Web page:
Le doulos

France, 1962

Directed by Jean-Pierre Melville

With Serge Reggiani (Maurice Faugel), René Lefèvre (Gilbert Varnove), Jean-Paul Belmondo (Silien), Philippe March (Jean), Michel Piccoli (Nuttheccio), Fabienne Dali (Fabienne), Jean Desailly (Chief Police Detective Clain)

The plot centers first on Maurice Faugel, a frail, wearied, skinny gangster just out from jail. He kills out of the blue a stolen goods receiver, Gilbert Varnove, who seemed to be a good friend, then flees with banknotes and jewels he later hides away. Back at his home, he talks with two fellow criminals, Silien and Jean, about his next job, robbing a rich man’s house. But this burglary gets awry as the police unexpectedly turn in; in a gunfight a police detective is shot down; but Faugel is mysteriously taken away as he lies unconscious. When he comes around, he decides to hunt for Silien, reckoning he is the only one who must have ratted on him. He does not go far as Chief Police Detective Clain nabs him.

Friendship at stake: Jean-Paul Belmondo, Serge Reggiani and Philippe March (from left to right).

But even before Faugel is arrested in a bar, the film has focused on the cryptic, complicated, creepy actions of Silien, a gangster cutting a dashing figure but clearly distrusted by others, except Faugel – that is, till the police disrupted the burglary. The editing of various scenes, especially his odd behaviors, suggests the suspicion of Varnove and later Faugel is justified: he may be working for the police and has surely betray his pal Faugel; however, his talk with Clain has a cat-and-mouse quality that unsettles the previous judgment; Silien’s relationships with the detective killed in action seemed to be unique and do not extend to a more extensive cooperation with the police. Still, he helps Clain to arrest Faugel.

Then the plot pivots: Silien tries to seduce again Fabienne, a wary and unhappy woman who is the girl of Nuttheccio, a nightclub owner and underworld boss who stole the jewels Varnove was examining when Faugel paid a visit to him. It appears that Silien is carrying out a complicated plot to make Nuttheccio look like Varnove’s assassin – and it works, as Faugel is freed.

The story has so far seemed a confused puzzle throwing doubts about Silien’s real motives and feelings. But a chat between Silien, Jean and Faugel in a bar give all the explanations. The scene is the typical, expected conversation that, in most detective stories, gives all the clues and quietly reconstruct the plot the audience has been watching.; however, the riveting twist is that it yields a clear, convincing rationale for Silien’s behaviors, casting him as a smart and cunning operator dedicated to help his friends. Money was irrelevant to his moves, spurred by his desire to spare Faugel the worst and punish those who put Faugel’s life in danger. Suddenly, the contemptible and dangerous guy turns out to be a chivalrous and dependable friend.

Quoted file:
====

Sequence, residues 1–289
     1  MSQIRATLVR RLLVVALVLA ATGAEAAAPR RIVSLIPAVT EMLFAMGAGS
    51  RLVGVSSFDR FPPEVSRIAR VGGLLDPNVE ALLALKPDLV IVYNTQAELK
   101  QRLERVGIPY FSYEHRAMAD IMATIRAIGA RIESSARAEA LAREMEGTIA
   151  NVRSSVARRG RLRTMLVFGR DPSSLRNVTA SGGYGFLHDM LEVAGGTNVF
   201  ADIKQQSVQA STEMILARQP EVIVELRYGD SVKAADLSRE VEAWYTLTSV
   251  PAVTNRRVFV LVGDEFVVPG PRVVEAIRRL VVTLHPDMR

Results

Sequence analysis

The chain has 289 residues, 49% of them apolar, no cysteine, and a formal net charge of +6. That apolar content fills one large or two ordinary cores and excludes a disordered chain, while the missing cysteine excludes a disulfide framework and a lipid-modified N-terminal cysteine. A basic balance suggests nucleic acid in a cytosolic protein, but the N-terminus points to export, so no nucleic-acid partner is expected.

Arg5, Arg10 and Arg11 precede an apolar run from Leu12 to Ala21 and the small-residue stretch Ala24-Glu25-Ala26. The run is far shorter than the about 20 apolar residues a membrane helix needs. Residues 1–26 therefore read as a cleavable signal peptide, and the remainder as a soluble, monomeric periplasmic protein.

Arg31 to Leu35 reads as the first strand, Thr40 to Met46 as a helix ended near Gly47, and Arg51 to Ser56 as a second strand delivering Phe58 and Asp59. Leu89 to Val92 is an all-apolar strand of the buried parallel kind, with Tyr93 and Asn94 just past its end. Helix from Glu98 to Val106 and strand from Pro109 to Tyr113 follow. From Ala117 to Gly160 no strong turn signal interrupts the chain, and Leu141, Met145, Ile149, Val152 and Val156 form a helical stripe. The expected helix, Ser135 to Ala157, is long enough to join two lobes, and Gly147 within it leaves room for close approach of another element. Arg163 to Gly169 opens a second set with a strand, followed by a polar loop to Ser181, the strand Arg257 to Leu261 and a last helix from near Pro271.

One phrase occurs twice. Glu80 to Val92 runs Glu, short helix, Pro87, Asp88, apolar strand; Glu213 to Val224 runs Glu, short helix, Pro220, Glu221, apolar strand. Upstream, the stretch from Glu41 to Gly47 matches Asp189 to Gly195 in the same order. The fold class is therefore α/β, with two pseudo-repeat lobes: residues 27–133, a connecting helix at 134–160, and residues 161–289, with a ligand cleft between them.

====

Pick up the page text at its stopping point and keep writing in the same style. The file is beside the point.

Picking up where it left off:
Shadow and light lose their clear-cut meaning. The first image of Silien is an elaborate work of lighting that keeps his face in the dark because of his hat’s shadow and his position in a corridor. Till the end, even during that talk in a bar, as the hat’s shadow creeps over the smiling face, Silien would belong to a shady world, in every meaning of the world, fueling the audience’s doubts. It happens he is just an artist in manipulating people and facts to achieve his sentimental goal (there are actually two of them: giving Faugel a fresh start and rekindling Fabienne’s passion). He is highly focused and chillingly relentless; his actions often unfold in silence, with the camera’s eyes precisely, mechanically trained on him. At the opposite, Faugel is first shot in a frontal manner, by daylight; he would often stand under bright lights of unfortunate events, a clumsy and talkative (even too talkative when he drinks, it seems) but straightforward guy trapped by lack of luck, betrayal and impulsive moves. Their bond is, in this light, quite remarkable, the alliance between a man merging with the rules of survival and dirty tricks of the underworld and another that can easily fails them, to his own risk.

“Le doulos” is an old slang word for hat; in the underworld, it is synonymous with informer. The way the film highlights Silien’s hat plays with this meaning, explained in a short text at the end of the credits; but in another twist, it becomes the poignant symbol of the tragic nature of this narrative, as it rolls down a floor where three corpses lie. For a contract killer had been hired by Faugel, and despite his belated scramble to prevent the execution, which, once again, turns awry, Silien dies.

This epilogue casts their story as a classical tragedy, based on the difficulties of trusting and helping, a narrative underpinned by a cruel asymmetry of knowledge that sows doubts in one friend while the other engages in highly convoluted maneuvers to prove his own friendship. What has been the core of an intriguing suspense and a nice show of cleverness leads also to an absurd, savage end. Taking place on a rainy, grey late afternoon, in the barely lit drawing-room of a country house, the event suddenly gives dark and shadow more usual connotations: the underworld remains a dangerous, violent and hopeless part of the life that destroys everything, including friendships. The tragic, bloody fate of the gangsters cannot be escaped – which was another goal of Silien, who was reckoning to take his retirement from shady business in that house, with a few horses and beloved Fabienne. But it is always too late for dreams.

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